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20. CHAPTER XX (continued)
"Come along, Margaret; no wheedling."
A younger woman might have resented his masterly ways, but Margaret had too firm a grip of life to make a fuss. She was, in her own way, as masterly. If he was a fortress she was a mountain peak, whom all might tread, but whom the snows made nightly virginal. Disdaining the heroic outfit, excitable in her methods, garrulous, episodical, shrill, she misled her lover much as she had misled her aunt. He mistook her fertility for Weakness. He supposed her "as clever as they make them," but no more, not realising that she was penetrating to the depths of his soul, and approving of what she found there.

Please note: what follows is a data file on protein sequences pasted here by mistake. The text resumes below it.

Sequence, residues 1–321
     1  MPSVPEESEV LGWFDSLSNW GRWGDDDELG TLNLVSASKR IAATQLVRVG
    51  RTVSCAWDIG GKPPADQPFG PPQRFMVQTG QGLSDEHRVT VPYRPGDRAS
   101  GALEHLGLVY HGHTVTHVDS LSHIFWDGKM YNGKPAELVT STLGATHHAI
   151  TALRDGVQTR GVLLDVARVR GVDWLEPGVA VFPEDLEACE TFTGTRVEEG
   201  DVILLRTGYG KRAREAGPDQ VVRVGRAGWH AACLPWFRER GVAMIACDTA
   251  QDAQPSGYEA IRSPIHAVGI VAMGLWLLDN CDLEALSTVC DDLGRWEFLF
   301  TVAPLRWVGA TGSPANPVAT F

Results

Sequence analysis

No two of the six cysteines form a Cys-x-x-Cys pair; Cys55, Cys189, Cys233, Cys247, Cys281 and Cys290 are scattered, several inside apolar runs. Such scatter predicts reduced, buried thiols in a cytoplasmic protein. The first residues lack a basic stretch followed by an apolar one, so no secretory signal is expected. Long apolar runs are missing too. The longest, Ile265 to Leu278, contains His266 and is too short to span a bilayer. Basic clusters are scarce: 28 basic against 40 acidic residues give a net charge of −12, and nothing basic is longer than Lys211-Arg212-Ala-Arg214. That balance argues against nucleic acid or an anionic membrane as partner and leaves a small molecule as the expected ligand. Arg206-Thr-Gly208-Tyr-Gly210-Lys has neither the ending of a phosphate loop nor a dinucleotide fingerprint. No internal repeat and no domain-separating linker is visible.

And if insight were sufficient, if the inner life were the whole of life, their happiness had been assured.
They walked ahead briskly. The parade and the road after it were well lighted, but it was darker in Aunt Juley's garden. As they were going up by the side-paths, through some rhododendrons, Mr. Wilcox, who was in front, said "Margaret" rather huskily, turned, dropped his cigar, and took her in his arms.
She was startled, and nearly screamed, but recovered herself at once, and kissed with genuine love the lips that were pressed against her own. It was their first kiss, and when it was over he saw her safely to the door and rang the bell for her but disappeared into the night before the maid answered it. On looking back, the incident displeased her. It was so isolated. Nothing in their previous conversation had heralded it, and, worse still, no tenderness had ensued. If a man cannot lead up to passion he can at all events lead down from it, and she had hoped, after her complaisance, for some interchange of gentle words. But he had hurried away as if ashamed, and for an instant she was reminded of Helen and Paul.
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